Rod Thorn, men’s basketball/baseball (West Virginia, 1960-63)
A two-time SoCon Male Athlete of the Year in the early 1960s, Rod Thorn was part of a West Virginia dynasty in the era, helping the Mountaineers to a combined 70-18 record from 1960-63 that included a 34-4 SoCon mark. Thorn helped WVU to three SoCon regular-season titles and two tournament crowns, claiming MVP honors twice, and helped the squad to a run to the NCAA regional semifinals (later known as the Sweet Sixteen) in 1963. Thorn averaged 21.8 points and 11.1 rebounds per game in his career, which rank fourth and third in program history, respectively. One of just three players in program history to have his number retired, Thorn established six school records and finished with 1,785 points in three seasons, good for third at the end of his career. Thorn also played baseball for the Mountaineers, helping the squad to a 66-21 mark and three SoCon titles with three NCAA appearances, and was inducted into West Virginia’s athletics Hall of Fame in 1992. The No. 2 overall pick in the 1963 NBA Draft, Thorn enjoyed an eight-year playing career in the league before transitioning to coaching and then the front office. The 2002 NBA Executive of the Year, Thorn enjoyed a lengthy career serving as a general manager and team president and working in the league office and was inducted into the Naismith Memorial Basketball Hall of Fame as an executive and a contributor in 2018.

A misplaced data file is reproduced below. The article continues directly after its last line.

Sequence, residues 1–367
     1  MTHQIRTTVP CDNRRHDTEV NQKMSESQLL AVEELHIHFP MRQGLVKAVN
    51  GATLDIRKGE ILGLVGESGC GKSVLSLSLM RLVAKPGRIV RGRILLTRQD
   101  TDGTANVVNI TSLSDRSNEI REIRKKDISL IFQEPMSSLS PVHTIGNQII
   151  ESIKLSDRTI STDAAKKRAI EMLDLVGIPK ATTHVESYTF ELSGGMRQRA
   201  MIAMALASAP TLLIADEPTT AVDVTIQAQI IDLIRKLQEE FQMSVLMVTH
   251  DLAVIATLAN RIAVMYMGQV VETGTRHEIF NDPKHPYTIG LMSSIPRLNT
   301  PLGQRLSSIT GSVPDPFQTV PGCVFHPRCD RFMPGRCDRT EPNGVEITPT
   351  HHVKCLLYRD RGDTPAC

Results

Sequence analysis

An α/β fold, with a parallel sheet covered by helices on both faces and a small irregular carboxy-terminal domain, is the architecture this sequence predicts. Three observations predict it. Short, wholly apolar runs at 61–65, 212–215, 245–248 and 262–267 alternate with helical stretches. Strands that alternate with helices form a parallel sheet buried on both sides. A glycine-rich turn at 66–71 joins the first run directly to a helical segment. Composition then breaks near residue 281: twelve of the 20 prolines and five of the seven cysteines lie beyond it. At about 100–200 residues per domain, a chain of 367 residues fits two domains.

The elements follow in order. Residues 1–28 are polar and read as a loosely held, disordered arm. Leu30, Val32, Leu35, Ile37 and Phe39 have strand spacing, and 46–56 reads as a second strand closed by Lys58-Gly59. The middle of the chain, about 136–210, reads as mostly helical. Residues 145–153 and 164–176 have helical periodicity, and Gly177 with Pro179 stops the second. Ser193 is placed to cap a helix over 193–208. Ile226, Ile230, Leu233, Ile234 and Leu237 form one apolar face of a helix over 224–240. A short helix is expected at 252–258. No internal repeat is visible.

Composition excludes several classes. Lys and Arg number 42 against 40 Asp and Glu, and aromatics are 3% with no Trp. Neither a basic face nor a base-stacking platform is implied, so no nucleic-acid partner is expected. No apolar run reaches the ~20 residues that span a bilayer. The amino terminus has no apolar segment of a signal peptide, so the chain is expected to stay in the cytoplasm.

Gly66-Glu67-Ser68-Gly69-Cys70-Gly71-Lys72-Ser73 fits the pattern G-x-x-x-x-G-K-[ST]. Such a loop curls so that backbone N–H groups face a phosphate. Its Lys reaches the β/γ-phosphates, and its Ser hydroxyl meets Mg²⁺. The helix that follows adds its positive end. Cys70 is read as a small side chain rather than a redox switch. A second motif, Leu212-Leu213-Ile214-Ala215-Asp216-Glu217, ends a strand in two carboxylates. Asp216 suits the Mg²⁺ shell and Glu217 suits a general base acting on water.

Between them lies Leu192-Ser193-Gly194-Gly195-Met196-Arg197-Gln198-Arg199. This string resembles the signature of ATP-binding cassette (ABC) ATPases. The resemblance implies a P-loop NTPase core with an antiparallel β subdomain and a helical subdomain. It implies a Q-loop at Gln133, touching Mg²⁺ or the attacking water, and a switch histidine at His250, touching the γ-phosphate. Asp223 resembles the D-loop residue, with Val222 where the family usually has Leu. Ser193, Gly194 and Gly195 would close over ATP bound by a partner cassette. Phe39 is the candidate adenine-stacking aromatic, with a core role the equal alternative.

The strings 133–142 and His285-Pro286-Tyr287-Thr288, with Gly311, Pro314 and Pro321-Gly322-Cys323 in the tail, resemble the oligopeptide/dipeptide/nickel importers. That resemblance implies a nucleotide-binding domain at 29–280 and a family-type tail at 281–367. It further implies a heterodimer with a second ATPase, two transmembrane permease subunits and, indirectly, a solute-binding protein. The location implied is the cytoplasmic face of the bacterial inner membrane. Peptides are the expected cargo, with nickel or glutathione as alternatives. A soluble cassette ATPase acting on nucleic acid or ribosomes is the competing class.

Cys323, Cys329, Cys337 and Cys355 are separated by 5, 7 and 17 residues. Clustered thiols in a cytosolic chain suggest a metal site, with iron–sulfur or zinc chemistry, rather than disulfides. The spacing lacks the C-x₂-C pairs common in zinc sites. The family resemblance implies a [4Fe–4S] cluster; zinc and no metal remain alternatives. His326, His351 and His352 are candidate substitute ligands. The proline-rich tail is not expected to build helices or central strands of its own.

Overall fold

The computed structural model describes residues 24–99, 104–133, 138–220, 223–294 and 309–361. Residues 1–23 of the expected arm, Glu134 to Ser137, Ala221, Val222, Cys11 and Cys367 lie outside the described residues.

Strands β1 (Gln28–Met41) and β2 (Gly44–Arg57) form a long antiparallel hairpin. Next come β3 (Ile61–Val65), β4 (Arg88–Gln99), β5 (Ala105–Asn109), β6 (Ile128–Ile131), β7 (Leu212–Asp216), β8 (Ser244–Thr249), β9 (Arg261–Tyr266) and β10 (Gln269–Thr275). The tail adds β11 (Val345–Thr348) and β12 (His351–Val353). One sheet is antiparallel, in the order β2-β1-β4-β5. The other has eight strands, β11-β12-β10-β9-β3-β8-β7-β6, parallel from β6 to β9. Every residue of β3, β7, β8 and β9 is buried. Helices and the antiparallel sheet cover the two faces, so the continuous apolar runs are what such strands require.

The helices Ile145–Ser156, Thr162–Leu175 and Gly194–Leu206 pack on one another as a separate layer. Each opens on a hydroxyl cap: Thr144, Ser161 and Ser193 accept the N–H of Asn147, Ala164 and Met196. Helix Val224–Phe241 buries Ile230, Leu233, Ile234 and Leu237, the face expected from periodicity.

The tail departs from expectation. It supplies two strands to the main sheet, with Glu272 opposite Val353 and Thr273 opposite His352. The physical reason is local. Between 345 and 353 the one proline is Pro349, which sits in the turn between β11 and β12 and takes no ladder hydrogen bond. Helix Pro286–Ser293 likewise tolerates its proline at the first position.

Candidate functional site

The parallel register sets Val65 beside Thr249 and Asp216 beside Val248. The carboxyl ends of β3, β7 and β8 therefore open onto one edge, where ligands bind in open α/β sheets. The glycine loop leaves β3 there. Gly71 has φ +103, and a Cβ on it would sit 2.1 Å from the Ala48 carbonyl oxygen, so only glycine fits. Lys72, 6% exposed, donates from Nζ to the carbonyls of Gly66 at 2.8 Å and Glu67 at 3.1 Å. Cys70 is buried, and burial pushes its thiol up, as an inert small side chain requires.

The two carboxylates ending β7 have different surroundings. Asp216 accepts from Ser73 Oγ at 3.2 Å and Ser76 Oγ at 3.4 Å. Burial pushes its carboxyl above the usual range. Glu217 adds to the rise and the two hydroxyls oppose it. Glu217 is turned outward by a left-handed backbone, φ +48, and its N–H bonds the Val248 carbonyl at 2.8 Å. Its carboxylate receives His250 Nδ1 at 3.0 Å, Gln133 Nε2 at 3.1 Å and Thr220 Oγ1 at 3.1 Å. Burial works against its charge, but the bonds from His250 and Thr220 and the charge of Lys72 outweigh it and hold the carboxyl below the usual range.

Wayne Tolleson, baseball/football (Western Carolina, 1974-78)
A middle infielder who fashioned a 10-year MLB career with the Texas Rangers, Chicago White Sox and New York Yankees, Wayne Tolleson was two-sport star at Western Carolina, earning spots on the SoCon’s 75th Anniversary Baseball Team and the Western Carolina All-20th Century Football Team. The Catamounts’ first-ever Southern Conference Male Athlete of the Year in 1977-78, Tolleson was a two-time All-SoCon selection at shortstop and the 1978 SoCon Player of the Year in baseball and earned all-conference honors at wide receiver in 1977, the first season Western Carolina played a SoCon schedule after joining the league in 1976. Also a two-time All-Atlantic Region pick in baseball, Tolleson hit .340 with 58 stolen bases in his two SoCon seasons in that sport and finished his collegiate career with 10 WCU season and career records. He led the SoCon in stolen bases in each of his two seasons in the league, swiping 29 both years. On the gridiron, Tolleson led the nation in receptions per game in 1977 with 6.6 and led the SoCon with 100.1 receiving yards per game. His 73 catches and 1,101 yards that season were school records. Tolleson made his MLB debut with the Rangers in 1981 and spent the first five years of his career with the organization before being traded to the White Sox after the 1985 season and then to the Yankees in the 1986. He was a member of Western Carolina’s inaugural Hall of Fame class in 1990.